Mutual Funds

Your Fund Portfolio

K Venkatasubramanian | Updated on March 31, 2019


I have invested in ABSL Pure Value fund. This fund has done very badly. Should I switch to, say, Tax Saver or Equity fund?

S Prabhakar Gupta

You are right in observing that ABSL Pure Value has had a poor run. It has underperformed its benchmark and peers. With substantial exposure to mid- and small-cap stocks that bore the brunt of the market correction over the last year, the scheme’s returns were naturally underwhelming.

ABSL Pure Value has a great long-term track record. If you are willing to bet on a revival in the mid-cap space and on value as a theme with a five-year timeframe, you can stick to the fund.

But if you do not want to take any more risks, you can invest in Tata Equity PE, which is a solid performer over the long term. You should not shift to a tax-saving fund as the purpose is different in that case. If you want to stick to a scheme from the same fund house, you can opt for ABSL Equity.

I am 60 years old. I want to invest ₹18,000 in mutual funds monthly through the SIP route. Please suggest fund houses and schemes for seven years. I am a pensioner and the SIP amount will derived from my fixed deposit. The idea is to combat inflation.


As you have retired, the order of priority in deploying sums for investment must be safety, steadiness of cash flow and, only then, returns. Of course, you do need to invest in avenues that help you beat inflation. But you must be careful about going overboard with market-linked investments.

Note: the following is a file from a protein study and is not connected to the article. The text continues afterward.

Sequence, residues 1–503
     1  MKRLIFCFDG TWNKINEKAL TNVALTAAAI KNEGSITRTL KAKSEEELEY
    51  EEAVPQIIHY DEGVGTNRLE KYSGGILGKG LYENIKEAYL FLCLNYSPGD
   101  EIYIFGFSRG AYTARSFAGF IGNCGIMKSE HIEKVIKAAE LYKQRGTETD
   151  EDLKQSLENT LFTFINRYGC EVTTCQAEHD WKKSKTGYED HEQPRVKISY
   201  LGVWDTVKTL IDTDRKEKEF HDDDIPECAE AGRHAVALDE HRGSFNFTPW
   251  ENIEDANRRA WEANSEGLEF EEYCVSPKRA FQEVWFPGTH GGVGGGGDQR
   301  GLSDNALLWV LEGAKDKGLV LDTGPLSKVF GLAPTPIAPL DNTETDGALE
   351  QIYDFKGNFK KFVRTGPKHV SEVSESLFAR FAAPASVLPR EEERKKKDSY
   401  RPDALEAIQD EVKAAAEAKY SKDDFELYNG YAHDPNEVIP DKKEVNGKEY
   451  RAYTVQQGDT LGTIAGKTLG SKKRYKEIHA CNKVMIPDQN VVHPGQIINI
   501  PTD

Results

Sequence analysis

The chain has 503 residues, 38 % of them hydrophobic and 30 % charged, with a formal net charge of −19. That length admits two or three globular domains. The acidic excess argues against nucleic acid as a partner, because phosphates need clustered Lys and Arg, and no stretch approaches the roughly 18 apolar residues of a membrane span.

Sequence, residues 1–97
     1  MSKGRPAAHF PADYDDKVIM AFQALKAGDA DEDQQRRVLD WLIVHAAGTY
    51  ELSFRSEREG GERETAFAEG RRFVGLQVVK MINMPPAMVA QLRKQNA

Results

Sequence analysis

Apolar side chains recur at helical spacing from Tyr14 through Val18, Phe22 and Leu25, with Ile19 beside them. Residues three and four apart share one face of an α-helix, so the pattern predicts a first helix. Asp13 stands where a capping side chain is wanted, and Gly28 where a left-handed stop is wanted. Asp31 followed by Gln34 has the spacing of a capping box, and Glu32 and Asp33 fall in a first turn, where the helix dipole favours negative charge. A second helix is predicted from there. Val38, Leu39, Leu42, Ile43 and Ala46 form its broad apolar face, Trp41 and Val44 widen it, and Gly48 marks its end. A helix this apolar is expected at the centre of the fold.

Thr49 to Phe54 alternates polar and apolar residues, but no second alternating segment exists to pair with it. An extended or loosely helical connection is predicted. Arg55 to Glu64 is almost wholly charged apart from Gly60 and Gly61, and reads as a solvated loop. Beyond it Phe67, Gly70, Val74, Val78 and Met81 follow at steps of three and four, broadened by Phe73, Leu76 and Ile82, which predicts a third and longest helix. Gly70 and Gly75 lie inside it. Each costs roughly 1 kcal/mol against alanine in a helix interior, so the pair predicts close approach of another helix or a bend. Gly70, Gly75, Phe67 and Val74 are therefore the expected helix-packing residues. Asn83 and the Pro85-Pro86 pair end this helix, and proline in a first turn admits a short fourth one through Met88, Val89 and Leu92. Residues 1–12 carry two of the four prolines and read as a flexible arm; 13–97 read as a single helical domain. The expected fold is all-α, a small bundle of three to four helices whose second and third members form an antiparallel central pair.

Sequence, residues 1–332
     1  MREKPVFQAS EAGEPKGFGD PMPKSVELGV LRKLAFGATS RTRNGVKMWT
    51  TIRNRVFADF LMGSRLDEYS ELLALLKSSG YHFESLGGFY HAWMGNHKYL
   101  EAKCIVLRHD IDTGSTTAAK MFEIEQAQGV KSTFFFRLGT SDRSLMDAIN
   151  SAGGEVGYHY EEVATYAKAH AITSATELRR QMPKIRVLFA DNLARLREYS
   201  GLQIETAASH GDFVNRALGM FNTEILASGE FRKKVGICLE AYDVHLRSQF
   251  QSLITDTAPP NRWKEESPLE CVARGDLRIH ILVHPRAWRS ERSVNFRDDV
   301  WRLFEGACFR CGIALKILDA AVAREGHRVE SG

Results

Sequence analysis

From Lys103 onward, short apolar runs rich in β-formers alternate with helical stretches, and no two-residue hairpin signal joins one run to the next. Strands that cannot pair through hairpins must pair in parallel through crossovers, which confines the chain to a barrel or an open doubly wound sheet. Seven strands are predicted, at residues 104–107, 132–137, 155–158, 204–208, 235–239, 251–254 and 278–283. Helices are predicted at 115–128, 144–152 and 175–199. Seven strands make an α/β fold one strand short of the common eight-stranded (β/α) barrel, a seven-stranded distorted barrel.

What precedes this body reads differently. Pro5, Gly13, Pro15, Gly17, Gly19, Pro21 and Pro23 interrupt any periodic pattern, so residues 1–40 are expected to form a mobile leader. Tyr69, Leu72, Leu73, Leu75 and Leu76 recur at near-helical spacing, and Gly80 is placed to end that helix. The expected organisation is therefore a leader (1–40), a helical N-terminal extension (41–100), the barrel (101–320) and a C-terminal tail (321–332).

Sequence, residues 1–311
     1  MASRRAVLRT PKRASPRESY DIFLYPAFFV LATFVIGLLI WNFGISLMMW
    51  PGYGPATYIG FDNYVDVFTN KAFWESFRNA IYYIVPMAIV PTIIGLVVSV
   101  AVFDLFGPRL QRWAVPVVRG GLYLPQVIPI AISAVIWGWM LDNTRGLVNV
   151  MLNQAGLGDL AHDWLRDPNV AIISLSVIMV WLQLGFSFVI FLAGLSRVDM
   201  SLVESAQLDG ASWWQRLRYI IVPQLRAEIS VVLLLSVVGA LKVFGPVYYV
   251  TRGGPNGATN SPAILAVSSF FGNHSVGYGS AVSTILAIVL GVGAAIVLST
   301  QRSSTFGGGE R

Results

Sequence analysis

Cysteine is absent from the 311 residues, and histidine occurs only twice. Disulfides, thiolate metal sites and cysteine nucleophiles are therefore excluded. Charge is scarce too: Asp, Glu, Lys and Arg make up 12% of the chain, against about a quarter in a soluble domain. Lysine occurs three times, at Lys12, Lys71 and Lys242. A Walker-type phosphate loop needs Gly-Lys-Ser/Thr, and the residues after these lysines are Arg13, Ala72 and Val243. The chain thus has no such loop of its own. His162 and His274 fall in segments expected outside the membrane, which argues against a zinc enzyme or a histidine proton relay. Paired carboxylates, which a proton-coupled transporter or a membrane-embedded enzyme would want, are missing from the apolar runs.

We assume that the ₹18,000 you have mentioned comes through the interest pay-out from your fixed deposits. Another assumption we make is that your pension is sufficient for your current monthly expenses, including healthcare. Finally, we take it that you are investing only the sum that you will not need for the next few years at least.

Take a health cover for yourself and your wife, if you haven’t done so already. The premium may be a tad expensive, but will be well worth it.

Avenues such as the Senior Citizen Savings Scheme (SCSS) and the Pradhan Mantri Vaya Vandana Yojana (PMVVY) offer rates that are well ahead of the prevalent inflation on a post-tax basis. But if inflation does increase substantially in the future, debt funds (which are tax-efficient) and equity will be needed to combat price rise.

You can spread your surplus of ₹18,000 across four schemes. You can park ₹5,000 each in Kotak Corporate Bond and Aditya Birla SL Money Manager. Both funds invest only in instruments with the highest ratings (AAA for long-term and A1+ for short-term securities) and almost entirely avoid credit risk. You can invest ₹4,000 each in ICICI Pru Nifty Next 50 and Mirae Asset Hybrid Equity. The former is an index fund with a sound track record of matching its benchmark, while the latter is a balanced fund that has consistently topped the charts without taking too many risks.

Invest in the direct plans of the above funds by visiting their respective websites.

I had initiated an SIP in Reliance Small Cap in June 2018. After continuing for 10 months, I find that the scheme has delivered negative growth. Kindly advise whether I should continue with the scheme or not.

Subrata Saha

Reliance Small Cap has delivered negative returns in the last one year, and so have most funds in the category. It has contained losses better than its benchmark — BSE SmallCap TRI. If you have an investment horizon of 5-7 years, you can continue investing in the fund through the SIP route.

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Published on March 31, 2019

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